Comments on: How money can buy happiness, wine edition A slice of lime in the soda Sun, 26 Oct 2014 19:05:02 +0000 hourly 1 By: tinyhands Sat, 16 Nov 2013 16:03:05 +0000 I love the comments from the misinformed people who think that quality is an objective measure of something like wine or vodka. Do they not see that thing WAY over there which is your point? Nope, even though you described it very clearly, they missed it. Too bad. I enjoyed the article.

By: BillSeitz Thu, 14 Nov 2013 12:08:59 +0000 Is this some weird kinda Pascal’s Wager allegory or something?

Or, connecting to your recent series, are you trying to trick people into enjoying paying for content?

By: mdeav Fri, 08 Nov 2013 16:41:35 +0000 If you’re making or ordering your martinis with vodka you’re doing it wrong.

By: Decidocisum Fri, 08 Nov 2013 14:59:27 +0000 All vodka tastes the same? Just because you cannot taste a difference does not mean others can’t. I can definitely tell the difference between Absolut and Grey Goose. Hard to tell between Belvedere and Grey Goose. Easy to tell between the latter two and something like Kettle One. I agree a lot of it is branding but saying that all vodkas taste the same is sort of ridiculous.

By: psvt Fri, 08 Nov 2013 14:28:16 +0000 I have a number of friends who are heavy Vodka drinkers. That sounds worrying, but at worst I would call them “business executives who are also functioning alcoholics”.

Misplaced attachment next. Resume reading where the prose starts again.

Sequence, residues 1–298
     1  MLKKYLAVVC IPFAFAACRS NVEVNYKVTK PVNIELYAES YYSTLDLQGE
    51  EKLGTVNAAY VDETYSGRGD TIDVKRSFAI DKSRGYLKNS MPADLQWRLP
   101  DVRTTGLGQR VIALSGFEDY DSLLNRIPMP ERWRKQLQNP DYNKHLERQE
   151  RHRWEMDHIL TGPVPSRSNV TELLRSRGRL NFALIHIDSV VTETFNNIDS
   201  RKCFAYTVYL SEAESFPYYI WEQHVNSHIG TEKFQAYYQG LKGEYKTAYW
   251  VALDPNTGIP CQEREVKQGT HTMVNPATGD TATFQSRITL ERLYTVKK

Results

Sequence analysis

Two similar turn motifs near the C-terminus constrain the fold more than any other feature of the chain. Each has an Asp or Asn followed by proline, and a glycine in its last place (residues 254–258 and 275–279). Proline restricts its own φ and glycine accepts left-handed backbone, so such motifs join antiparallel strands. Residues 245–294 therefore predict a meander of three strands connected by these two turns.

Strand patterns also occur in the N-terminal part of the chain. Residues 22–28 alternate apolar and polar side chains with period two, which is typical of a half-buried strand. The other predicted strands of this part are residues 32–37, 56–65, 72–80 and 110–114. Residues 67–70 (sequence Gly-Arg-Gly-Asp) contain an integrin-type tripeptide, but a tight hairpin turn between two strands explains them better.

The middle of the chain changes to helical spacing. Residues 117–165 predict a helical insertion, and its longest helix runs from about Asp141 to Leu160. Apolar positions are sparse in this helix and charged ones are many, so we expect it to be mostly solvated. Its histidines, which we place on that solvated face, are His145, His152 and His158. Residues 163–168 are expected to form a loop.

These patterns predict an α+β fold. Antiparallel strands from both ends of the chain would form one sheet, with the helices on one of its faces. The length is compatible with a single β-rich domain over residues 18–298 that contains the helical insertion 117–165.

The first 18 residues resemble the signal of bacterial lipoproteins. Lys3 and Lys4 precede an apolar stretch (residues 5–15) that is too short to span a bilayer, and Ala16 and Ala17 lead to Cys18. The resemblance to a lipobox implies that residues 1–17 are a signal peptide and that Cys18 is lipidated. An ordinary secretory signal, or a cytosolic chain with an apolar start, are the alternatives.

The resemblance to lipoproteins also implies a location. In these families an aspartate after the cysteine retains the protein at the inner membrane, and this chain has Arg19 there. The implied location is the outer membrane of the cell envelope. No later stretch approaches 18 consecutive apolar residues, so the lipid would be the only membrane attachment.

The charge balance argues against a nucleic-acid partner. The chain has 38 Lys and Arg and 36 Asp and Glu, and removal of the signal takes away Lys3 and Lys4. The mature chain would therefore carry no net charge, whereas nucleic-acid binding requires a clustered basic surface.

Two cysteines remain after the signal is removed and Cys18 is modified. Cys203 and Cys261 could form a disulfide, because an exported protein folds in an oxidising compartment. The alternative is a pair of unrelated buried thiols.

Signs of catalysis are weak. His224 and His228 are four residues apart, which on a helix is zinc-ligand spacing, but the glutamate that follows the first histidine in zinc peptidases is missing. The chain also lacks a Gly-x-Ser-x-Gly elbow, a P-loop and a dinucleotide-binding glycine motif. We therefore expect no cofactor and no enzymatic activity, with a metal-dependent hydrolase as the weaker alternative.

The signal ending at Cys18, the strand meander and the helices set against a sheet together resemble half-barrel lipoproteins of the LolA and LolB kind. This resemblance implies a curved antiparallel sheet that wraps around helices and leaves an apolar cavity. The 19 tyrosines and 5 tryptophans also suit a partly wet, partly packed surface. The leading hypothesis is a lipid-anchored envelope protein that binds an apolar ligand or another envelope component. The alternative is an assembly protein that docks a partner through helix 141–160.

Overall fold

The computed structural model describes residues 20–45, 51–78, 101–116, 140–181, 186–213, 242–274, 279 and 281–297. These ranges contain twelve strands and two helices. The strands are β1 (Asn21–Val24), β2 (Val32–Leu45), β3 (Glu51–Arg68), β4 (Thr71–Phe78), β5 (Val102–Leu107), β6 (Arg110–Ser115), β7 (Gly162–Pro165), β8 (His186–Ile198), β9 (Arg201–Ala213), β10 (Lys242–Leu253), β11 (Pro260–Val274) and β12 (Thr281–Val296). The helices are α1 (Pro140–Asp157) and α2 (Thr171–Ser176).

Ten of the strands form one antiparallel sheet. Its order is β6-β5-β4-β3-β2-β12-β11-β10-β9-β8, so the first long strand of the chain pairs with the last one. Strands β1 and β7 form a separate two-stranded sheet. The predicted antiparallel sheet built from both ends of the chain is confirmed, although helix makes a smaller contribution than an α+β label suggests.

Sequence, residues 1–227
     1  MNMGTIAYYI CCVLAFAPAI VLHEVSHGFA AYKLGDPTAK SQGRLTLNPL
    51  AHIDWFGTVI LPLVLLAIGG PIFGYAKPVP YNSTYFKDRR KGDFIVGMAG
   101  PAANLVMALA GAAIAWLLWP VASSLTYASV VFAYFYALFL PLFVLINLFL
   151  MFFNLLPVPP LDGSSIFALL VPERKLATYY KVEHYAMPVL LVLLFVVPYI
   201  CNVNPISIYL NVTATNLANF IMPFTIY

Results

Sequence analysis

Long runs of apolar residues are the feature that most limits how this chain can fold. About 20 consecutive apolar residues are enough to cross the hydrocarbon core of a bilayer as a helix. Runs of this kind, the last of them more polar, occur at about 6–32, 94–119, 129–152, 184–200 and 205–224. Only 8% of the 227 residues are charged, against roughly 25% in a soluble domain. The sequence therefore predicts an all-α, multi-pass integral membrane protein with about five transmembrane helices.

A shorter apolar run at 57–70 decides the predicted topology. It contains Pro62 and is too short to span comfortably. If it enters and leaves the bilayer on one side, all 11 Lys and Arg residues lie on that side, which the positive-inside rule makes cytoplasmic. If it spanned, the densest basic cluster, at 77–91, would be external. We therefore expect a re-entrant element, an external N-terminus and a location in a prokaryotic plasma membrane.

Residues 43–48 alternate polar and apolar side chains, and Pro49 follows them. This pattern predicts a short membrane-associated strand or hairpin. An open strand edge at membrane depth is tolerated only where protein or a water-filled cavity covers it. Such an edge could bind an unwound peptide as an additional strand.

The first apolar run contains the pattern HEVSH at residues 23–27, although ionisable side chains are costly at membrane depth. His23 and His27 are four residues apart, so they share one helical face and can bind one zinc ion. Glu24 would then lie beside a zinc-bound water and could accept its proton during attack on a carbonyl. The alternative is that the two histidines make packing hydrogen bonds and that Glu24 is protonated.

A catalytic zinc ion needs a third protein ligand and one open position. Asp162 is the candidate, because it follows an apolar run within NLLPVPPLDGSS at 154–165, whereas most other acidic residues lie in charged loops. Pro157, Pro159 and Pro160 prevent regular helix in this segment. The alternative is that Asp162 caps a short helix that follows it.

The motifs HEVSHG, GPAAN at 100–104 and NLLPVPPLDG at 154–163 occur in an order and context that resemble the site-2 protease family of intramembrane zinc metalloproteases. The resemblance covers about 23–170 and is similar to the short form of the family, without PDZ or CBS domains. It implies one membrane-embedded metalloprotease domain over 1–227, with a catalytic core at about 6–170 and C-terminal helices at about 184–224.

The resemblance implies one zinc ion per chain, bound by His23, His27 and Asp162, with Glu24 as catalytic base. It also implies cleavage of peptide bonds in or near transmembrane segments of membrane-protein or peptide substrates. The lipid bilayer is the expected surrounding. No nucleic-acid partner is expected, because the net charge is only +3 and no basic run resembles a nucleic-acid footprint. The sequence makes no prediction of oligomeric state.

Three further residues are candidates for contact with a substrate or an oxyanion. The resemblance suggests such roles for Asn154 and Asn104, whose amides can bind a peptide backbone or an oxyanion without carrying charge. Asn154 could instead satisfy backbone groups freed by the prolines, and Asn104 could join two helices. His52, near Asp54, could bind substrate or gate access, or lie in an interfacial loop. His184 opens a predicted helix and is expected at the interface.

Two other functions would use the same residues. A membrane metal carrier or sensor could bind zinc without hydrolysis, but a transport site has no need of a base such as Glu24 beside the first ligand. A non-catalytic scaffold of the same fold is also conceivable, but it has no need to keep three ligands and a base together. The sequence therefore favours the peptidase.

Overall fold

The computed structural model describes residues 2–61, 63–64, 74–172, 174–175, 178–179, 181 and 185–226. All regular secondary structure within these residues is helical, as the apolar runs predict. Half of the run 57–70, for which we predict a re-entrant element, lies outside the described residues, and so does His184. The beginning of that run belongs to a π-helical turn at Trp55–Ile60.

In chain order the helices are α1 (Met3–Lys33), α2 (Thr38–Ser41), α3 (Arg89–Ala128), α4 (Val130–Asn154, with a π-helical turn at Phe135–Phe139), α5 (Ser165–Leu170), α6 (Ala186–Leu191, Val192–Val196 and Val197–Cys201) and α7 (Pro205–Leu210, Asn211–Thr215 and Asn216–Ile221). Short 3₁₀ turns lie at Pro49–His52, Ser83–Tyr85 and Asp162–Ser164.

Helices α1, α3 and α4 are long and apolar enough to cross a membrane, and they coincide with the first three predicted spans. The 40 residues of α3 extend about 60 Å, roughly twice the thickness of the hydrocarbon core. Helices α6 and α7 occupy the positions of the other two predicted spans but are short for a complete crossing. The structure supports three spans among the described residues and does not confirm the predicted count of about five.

Saying that Vodkas don’t taste of anything or that they’re all similar is sort of like saying “Coke tastes like Pepsi” for these folk. If you do a taste test at a Vodka bar (these things do exist in most large cities), it’s pretty clear that not all Vodkas are created equal.

Grey Goose is different not just for its marketing – it really does taste differently from Stoli or Absolut. Better? I guess it depends on what you want. I’d say it is more of a neutral flavour than others, and that’s what they often want.

Marketing is just an amplifier. It creates fads. The fundamental product still has to be good/better in some small discernible way if it is to remain a hit over years.

By: WaltFrench Fri, 08 Nov 2013 13:01:26 +0000 I don’t understand why wine is different from coffees or Scotch whiskies.

There are obvious differences among the various Islay single-malts that I favor, and it’s no problem distinguishing Peet’s Indonesian offerings from their MidEast or Central American blends. There are even bigger differences between Peet’s dark-roast style and the currently very popular Blue Bottle or Spyglass offerings in the Bay Area that are lighter roasts. While these are obviously very fine coffees, they move out of my preference zone, just as I find Highland Scotch less interesting.

Sometimes the full-bodied coffees lose their earthy, chocolaty associations and just get too heavy and muddy. Might be variation from lot to lot, or more likely, I’m just a bit tired of the same old same old, and want some novelty in the cup. Blend in a little spicy Ethiopian and I’m off to the races again.

All these seem real, so much so that the observations are banal. But what is NOT real, is the idea that any one of these coffees is “best” or that the Port Charlotte whiskey that seemed a revelation when it was poured a couple of years back (and I knew nothing about), would meet others’ tastes as the right blend of smokiness, peatiness, sweetness, salt air, etc.